The scale of the monumental enclosures that he slowly revealed involved the excavation of thousands of tons of the broken stone and soil with which they had been deliberately backfilled. Although there were quantities of cultural material in the matrix, it was all secondary, and there would be little to be learned about the date of the constructions, how they functioned or how they related to one another until the backfill had been completely removed. In order to make progress, Klaus began a programme of two seasons of work on site each year.
From 2001 he was a referent (equivalent to a university lecturer) in the Orient section of the DAI, the German Archaeological Institute. In addition to the work at Göbekli Tepe, he was involved in the excavation of a late-Chalcolithic and Early Bronze Age tell-site near Aqaba in the south of Jordan. When Professor Ricardo Eichmann became the director of the Orient section, Klaus took over responsibility for completing the excavations and bringing them to publication. He also spent part of each year teaching at the University of Erlangen-Nürnberg, where he was proud to have been made adjunct professor in 2007.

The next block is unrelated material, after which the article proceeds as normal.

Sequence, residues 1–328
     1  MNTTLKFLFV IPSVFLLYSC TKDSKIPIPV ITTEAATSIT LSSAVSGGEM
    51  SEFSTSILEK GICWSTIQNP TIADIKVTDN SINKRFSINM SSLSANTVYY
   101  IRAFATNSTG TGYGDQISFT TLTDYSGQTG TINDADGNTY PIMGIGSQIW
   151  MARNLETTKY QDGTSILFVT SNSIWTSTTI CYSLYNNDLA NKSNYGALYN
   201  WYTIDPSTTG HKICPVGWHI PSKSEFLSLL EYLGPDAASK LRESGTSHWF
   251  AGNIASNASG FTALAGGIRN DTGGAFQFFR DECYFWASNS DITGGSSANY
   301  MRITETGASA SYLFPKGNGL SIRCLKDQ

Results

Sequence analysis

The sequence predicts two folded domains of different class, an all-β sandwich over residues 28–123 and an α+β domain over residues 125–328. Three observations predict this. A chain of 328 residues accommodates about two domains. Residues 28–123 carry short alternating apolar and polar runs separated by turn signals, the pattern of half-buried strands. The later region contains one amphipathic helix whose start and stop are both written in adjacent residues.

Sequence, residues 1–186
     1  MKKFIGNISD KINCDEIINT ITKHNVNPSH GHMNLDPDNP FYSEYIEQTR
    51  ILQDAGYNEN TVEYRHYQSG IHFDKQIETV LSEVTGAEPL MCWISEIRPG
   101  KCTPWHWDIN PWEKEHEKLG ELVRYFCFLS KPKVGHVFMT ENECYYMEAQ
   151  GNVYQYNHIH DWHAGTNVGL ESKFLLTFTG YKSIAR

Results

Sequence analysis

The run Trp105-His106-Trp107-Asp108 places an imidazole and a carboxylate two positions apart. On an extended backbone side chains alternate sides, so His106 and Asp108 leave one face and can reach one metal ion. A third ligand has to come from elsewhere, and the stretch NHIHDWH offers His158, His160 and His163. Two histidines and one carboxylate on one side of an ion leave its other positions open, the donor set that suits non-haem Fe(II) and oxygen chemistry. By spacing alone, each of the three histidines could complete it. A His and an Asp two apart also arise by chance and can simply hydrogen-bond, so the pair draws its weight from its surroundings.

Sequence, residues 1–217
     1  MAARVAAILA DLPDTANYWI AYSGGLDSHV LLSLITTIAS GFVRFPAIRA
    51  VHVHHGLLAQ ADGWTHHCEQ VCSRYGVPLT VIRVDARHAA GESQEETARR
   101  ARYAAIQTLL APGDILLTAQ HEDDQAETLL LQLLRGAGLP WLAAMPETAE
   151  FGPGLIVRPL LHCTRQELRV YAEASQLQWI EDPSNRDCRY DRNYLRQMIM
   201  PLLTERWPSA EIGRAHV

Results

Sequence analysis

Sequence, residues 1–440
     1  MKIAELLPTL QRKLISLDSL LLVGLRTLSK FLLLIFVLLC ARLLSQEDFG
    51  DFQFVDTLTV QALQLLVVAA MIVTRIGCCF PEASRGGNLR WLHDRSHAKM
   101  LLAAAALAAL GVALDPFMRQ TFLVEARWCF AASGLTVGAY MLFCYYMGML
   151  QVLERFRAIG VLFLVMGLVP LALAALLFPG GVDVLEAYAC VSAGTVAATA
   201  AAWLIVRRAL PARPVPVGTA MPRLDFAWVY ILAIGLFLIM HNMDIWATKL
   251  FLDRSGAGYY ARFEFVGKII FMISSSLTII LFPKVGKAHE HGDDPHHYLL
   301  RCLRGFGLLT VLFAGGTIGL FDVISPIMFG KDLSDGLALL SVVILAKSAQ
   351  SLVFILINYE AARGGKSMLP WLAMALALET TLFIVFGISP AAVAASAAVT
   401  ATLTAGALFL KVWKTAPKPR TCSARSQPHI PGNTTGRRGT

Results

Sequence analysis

The pressures mounted year by year, with more and more demands made on him from different quarters. Archaeological colleagues were impatient for the publication of detailed information and a radiocarbon dating series to confirm the comparative stratigraphic chronology of the site. Other archaeologists voiced doubts that the site could really be as old as Klaus claimed. Klaus was aware that he had generous state funding for his research and that he was expected to produce ‘value for money' within a timescale that he knew was challenging. Journalists and television documentary makers wanted access to the site, and they expected Klaus to give them days of his time. Klaus told me on one occasion that there had been seven documentary teams at Göbekli Tepe in that year.